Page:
2
#!/bin/sh
checking()
{
  cd "$1"
  for D in *;do
    if [ -d "$D" ]; then
      cd "$D"
      for d in *;do
        echo "$d"
        if [ -d "$d" ]
        then
           `checking() $d`
        fi
        if [ -f "$d" ]
        then
                file_name=`echo "$d" | cut -d'.' -f1`
                echo $file_name
                file_ext=$(echo $d |awk -F . '{if (NF>1) {print $NF}}')
                echo $file_ext
                if [ $file_ext = bin ]
                then
                        strings $d > $file_name.txt
                        mv $file_name.txt /somepath
                fi
        fi

      done
      cd ..

    fi
  done
}

a=$(pwd)
checking() $a

I am converting session log binary files into text files and storing on some path using strings function. For every directory it is performing fine,but it is not checking the binary files for any sub directory present.

I tried using recursive function call but that call is not being fired..Please help

1
  • 3
    Well, for one, shell functions act like any other commands, so you'd call a function hello with something like hello arg1 arg2. Bash actually gives you an error message for something() $a, dash crashed when I tried that...
    – ilkkachu
    Commented Nov 29, 2017 at 10:18

1 Answer 1

4

I note a couple of things in your function:

  • You change into a directory, then iterate over the files, then do both again (cd; for d in *; do cd; for d in * ...). This seems like it would skip every other level of the directory tree during a recursive walk. One iteration over the files should be enough
  • I don't think you need to use a subshell when recursively calling the function (there's the backtick command substitution in `checking() $d`). That could be useful if you needed variables local to each instance of the function call, but many shells can do that directly (using local in Bash, apparently typeset in ksh93)
  • And of course the syntax for calling a function: given hi() { echo "hello $1"; } we run it like any other command, simply with hi "$name".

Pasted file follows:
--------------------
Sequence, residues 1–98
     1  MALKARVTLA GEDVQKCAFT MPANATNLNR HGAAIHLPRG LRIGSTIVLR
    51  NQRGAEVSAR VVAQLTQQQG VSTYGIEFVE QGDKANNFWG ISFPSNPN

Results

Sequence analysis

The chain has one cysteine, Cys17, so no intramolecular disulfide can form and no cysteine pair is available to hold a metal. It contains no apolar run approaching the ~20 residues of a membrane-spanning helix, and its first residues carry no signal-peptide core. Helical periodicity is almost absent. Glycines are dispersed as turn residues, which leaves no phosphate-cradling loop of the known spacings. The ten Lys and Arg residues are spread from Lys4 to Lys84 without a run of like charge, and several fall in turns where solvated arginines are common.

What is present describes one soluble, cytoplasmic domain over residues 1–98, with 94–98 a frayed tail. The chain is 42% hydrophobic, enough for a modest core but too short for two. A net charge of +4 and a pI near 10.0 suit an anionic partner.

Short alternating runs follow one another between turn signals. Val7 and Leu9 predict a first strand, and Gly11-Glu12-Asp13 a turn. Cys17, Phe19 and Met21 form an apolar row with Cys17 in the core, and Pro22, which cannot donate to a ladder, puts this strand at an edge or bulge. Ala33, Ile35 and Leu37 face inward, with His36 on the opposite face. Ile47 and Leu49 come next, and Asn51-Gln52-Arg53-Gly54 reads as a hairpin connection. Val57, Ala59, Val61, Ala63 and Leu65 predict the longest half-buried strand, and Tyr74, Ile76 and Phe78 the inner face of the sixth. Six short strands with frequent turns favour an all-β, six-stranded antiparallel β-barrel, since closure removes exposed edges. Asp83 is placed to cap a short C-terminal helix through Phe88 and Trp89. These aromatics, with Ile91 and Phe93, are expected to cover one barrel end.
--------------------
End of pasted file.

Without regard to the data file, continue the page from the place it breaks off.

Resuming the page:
• We can nix the awk and use the shell's parameter expansion to pick the file extension. (but do check the borderline case when there is no dot in the filename.) Or use case "$f" in *.bin) ...

Here's a rather simple function for walking a directory tree:

#!/bin/sh

walk() {
        cd "$1"
        for f in *; do 
                if [ -d "$f" ] ; then
                        echo descending into "$f"...
                        walk "$f"
                else
                        ext=${f##*.}
                        if [ "$ext" = "bin" ] ; then
                                echo "found .bin file: $f"
                        fi
                fi

        done
        cd ..
}

walk .

(Though note that the cd "$dir"; ... ; cd .. structure can cause issues if someone moves a directory right at the moment the program is processing that directory. The .. link would change, and returning through it would continue from the new location, which might even be outside the original tree. We could work around that by using absolute path names all the time, or with pushd/popd (in Bash), or by putting the whole function or calls to it in subshells.)

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  • 1
    Put the function body within (...) instead of {...} to get rid of the need for cd ...
    – Kusalananda
    Commented Nov 29, 2017 at 11:00
  • 1
    @Kusalananda, well, yeah, that's the subshell solution.
    – ilkkachu
    Commented Nov 29, 2017 at 11:14

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